Coming from Vermont, I thought this school was going to be southern, and thus have a high population of black people in the social life of the school. According to the 2010 US Census Report Richmond was 50.6% black, and I imagined the campus would reflect that demographic. It is probably safe to assume that black athletes felt the same sense of disappointment upon arrival to campus. I was excited to diversify my friend group, which I definitely did, but not as much in the sense of racial diversity as I had hoped. Listening to this podcast and hearing about challenges faced in the 1970s and 80s is discouraging to me as almost nothing has been done to alleviate this problem and it is eating away at the athletics and social life on campus.

Students of Color Unwelcome on Campus: Thing of the Past?

[For the first blog post of the Summer 2018 A&S Research Fellowship, students were tasked with exploring the existing collection of the Race & Racism at UR Project at and reflecting on the materials they encountered there.]

by Rena Xiao

Rena Xiao is a rising junior from New York City who has spent the majority of her life living abroad in Beijing, China. She is a Double Major in Geography and Global Studies with a Concentration in World Politics and Diplomacy, and a minor in WGSS.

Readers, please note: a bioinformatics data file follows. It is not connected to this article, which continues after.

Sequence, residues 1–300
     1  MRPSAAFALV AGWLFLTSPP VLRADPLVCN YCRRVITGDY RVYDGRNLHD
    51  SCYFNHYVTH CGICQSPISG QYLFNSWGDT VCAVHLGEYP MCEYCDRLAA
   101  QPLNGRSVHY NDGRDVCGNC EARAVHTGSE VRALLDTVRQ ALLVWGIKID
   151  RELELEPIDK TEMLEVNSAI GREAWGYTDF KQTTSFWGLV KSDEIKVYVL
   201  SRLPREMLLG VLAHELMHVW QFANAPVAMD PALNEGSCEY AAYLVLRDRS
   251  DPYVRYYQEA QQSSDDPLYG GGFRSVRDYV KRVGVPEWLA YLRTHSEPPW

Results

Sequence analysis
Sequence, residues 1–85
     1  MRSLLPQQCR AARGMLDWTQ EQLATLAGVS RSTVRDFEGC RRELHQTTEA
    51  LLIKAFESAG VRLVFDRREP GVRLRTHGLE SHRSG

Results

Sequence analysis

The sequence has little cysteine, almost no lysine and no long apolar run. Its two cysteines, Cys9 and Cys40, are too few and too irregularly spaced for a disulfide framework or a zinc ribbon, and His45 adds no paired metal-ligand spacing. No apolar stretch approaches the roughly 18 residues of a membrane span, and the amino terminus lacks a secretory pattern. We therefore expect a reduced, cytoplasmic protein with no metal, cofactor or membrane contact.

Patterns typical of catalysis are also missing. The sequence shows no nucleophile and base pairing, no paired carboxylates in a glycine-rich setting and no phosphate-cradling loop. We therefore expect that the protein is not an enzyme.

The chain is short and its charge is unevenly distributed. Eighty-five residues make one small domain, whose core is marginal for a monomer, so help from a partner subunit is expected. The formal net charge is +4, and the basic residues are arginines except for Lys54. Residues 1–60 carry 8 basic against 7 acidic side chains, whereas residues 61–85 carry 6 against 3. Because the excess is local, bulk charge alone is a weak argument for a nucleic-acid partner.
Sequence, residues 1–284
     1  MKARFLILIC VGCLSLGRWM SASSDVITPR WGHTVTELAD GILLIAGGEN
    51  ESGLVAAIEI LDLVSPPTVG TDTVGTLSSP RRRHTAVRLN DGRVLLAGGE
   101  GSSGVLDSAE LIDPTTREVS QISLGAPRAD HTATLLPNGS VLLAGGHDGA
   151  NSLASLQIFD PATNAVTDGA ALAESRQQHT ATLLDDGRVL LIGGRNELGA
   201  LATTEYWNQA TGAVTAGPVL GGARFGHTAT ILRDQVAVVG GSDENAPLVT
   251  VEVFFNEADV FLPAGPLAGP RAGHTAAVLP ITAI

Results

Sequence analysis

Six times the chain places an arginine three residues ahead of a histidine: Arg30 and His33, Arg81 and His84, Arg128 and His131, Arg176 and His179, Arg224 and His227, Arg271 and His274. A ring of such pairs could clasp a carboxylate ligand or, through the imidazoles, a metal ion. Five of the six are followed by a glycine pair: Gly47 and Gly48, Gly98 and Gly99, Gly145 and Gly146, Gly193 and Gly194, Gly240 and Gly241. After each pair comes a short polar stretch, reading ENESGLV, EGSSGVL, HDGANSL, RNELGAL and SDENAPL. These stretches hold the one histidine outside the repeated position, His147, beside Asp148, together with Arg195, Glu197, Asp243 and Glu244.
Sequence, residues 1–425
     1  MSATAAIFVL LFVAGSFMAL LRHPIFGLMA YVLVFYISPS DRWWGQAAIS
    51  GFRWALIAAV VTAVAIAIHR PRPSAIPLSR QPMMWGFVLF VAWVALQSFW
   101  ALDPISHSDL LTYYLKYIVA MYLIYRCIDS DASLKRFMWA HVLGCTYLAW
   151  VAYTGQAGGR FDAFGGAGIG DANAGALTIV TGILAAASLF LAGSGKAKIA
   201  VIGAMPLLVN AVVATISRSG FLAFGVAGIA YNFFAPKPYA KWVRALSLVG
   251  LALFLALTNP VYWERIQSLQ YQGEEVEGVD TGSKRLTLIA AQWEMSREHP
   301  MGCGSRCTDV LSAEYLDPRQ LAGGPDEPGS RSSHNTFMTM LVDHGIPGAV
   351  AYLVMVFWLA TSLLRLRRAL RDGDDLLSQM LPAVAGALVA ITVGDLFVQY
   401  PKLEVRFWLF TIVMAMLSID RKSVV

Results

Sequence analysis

When I walk by tour groups on campus, I will often hear tour guides tout the benefits of attending a small liberal arts college. I find most of these ring true: the small class sizes, more research opportunities, better relationship with professors, and a campus that doesn’t feel overwhelmed with the number of students. However, I find the tour guides statements of a “small, close knit community” are false. More often than not, I have found campus space here at the University of Richmond to be divided by different by racial and class lines.  For a population of only 3,036 people, there is a great deal of separation and segregation between student groups. Student life and campus culture at this school cater mostly to students of the dominant group: white students within Greek life. They have the greatest mobility to move through social spaces and have their identity reflected in the culture, practices, and behavior of this school.